The service averages 10 ambulance trips a day to the city’s homeless district, which is roughly between Poplar and Pine streets along and a block or so off Lancaster Avenue, just southeast of downtown.

Patients who call 911 at least 15 times in 90 days get special attention, spokesman Sean Burton said.

“We do go out and check on those folks,” he said.

Demary cruises the area and nearby campsites about every other day, looking to head off emergency room visits and other problems.

“I handled a client not long ago, connecting him with JPS, where he got a primary physician,” she said. “He got into rehab, then got a great job and now he has his own apartment on the west side.”

‘Now I’m back out here’

Davis, a recovering drug user, is honest about why he chooses the summer heat over a roof.

“I did 15 months in prison,” he said. “Thirteen months of that was in high-security confinement. I can’t be closed up like that anymore.”

Davis is homeless for the second time in two years.

“Last time it was eight months,” he said. “I went back to the world and my ex-wife for a while. I lost my job … got into an argument with my ex-wife and, rather than have the law called on me again, I left. Now I’m back out here.”

His tent, for which he paid $60, sits amid a thick cane patch that makes it almost invisible. It’s the second he’s owned in his 2 1/2 months there.

He pointed to a pile of dark green fabric — his previous tent.

“Someone came out to cut the field while I wasn’t here,” he said. “They ... tore up everything and scattered my stuff all over.”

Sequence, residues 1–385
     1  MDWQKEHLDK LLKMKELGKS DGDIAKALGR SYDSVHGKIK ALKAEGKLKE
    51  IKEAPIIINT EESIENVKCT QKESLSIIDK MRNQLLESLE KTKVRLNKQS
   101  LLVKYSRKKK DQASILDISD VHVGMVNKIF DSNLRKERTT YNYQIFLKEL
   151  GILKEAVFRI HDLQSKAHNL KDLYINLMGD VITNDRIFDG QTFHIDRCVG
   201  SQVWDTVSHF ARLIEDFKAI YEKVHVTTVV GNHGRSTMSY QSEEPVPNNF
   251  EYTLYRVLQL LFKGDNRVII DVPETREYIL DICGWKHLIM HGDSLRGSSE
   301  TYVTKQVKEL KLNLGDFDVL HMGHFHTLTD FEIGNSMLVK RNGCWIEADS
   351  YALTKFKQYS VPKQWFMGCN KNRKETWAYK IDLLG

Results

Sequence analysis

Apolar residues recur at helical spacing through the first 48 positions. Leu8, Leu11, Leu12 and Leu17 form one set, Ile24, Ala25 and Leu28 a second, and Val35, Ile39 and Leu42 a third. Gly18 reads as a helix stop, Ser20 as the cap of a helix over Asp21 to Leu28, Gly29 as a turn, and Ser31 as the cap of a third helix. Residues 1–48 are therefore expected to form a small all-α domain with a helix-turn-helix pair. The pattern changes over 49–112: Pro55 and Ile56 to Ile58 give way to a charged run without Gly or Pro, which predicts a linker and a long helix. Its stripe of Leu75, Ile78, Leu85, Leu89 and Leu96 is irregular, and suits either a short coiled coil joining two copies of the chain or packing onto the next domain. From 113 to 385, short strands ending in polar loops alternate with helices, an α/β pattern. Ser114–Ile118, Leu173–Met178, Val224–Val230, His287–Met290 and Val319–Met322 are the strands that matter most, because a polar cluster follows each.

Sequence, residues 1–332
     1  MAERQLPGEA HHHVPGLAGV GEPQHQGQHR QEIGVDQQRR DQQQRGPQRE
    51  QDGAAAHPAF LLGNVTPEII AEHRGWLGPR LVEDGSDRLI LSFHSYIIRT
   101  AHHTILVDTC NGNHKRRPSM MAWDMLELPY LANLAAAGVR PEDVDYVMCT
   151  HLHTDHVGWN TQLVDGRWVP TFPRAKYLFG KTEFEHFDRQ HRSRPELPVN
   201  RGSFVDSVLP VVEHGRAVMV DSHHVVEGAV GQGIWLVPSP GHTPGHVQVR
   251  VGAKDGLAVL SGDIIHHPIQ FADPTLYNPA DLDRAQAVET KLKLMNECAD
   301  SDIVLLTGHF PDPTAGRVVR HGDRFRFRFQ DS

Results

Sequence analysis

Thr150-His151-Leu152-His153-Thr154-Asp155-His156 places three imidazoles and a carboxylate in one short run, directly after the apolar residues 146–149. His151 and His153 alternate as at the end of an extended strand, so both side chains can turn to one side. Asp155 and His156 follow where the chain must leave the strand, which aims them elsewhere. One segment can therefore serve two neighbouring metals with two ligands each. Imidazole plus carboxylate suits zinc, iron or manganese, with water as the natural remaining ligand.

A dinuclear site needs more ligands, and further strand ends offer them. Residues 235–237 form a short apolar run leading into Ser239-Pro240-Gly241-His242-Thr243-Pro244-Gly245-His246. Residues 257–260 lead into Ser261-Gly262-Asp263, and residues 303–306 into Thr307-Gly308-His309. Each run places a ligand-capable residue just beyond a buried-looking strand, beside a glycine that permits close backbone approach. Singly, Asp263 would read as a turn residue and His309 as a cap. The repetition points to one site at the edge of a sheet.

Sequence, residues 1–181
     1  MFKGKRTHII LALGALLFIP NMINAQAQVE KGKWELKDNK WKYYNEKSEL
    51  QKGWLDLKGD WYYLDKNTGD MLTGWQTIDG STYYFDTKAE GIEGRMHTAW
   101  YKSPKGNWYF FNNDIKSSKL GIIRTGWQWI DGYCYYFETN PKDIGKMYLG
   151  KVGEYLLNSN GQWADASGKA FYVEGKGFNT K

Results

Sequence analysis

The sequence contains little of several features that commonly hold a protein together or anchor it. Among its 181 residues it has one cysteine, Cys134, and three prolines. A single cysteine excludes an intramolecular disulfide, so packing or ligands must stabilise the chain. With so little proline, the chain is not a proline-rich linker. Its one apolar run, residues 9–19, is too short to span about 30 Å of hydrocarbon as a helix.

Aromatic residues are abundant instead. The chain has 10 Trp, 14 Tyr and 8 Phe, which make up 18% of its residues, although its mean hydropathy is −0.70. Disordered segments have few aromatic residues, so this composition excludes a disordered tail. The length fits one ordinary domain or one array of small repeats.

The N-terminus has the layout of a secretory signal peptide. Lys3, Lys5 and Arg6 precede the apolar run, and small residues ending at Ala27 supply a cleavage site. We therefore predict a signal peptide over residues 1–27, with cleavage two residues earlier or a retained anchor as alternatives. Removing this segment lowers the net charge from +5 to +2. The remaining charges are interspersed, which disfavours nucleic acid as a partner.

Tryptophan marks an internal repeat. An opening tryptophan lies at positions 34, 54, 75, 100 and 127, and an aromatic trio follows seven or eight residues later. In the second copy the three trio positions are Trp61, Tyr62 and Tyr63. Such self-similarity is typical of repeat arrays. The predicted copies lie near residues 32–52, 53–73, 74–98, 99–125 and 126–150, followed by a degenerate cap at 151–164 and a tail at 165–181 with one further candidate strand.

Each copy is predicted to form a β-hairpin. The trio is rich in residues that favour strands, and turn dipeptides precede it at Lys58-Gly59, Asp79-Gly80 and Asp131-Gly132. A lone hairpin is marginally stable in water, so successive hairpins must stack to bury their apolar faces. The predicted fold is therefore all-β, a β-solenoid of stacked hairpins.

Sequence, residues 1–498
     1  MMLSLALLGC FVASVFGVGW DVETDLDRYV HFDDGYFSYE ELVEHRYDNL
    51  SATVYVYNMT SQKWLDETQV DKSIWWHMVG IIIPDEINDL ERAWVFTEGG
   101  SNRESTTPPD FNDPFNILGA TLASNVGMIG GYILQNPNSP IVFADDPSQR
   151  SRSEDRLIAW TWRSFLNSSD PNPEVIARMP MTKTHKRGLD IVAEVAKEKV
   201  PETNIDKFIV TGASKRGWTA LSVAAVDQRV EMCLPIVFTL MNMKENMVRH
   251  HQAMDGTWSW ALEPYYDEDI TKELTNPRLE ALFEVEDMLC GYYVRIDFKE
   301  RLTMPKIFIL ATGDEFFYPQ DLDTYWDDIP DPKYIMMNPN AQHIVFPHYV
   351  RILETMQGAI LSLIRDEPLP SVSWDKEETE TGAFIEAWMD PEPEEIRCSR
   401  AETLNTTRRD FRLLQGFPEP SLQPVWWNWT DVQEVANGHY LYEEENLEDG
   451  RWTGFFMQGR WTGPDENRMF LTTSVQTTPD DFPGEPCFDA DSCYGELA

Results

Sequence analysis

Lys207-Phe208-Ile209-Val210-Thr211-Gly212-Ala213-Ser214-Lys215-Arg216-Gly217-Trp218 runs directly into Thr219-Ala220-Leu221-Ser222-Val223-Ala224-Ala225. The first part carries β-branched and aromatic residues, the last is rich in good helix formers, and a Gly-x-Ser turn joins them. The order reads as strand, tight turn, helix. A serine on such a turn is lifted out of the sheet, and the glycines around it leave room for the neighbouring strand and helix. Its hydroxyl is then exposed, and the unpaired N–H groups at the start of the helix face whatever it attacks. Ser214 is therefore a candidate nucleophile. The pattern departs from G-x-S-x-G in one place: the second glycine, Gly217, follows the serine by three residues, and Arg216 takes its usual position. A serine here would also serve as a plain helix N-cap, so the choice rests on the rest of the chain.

The temperature climbed past 85 degrees, on its way to 98, as Davis — wearing dark, knee-length shorts, a sleeveless shirt and cap — showed off his home.

An air mattress and bundles of clothes, water bottles and other possessions were scattered around the tent floor. Just outside was a five-gallon bucket that did double duty as storage and camp stool.

Temporarily homeless

A few blocks east of Davis’ digs, Janice Hazen and Georgia Taylor sat last week in camp chairs between a pair of tents set up beneath a bridge. Hazen’s husband was away at his new job, but the women weren’t alone.

Gage sat next to them. A year old and about 70 heavily muscled pounds, the Shar Pei-pit bull mix barked menacingly at anyone who approached.

“We can’t take our dog into the shelter, so we stay out here,” Hazen said.

They like it under the bridge almost as much as the site they had under a billboard, where Hazen said there was electricity to run a fan at night.

Their present home is the seventh location Hazen and her husband have settled into during the past three months.

“We got run off six times,” she said.

It’s cool under the bridge, and Hazen hoped to stay there until she moves into a travel trailer her husband bought with money saved from his weekly paychecks.

“Most people I’ve met out here are temporarily homeless because they lost their jobs,” Hazen said.

Taylor is among them. But she hopes it’s short-lived: A friend sent her a bus ticket to Nacogdoches, where he promised her a job in his florist shop.

Davis, too, is ready to move on. He’s pulled himself together, he said, and is looking for a full-time job.

“I just want to get on my feet again, by myself,” he said. “I’ve done it before.”

This report includes material from Star-Telegram archives.

Terry Evans, 817-390-7620 Twitter: @fwstevans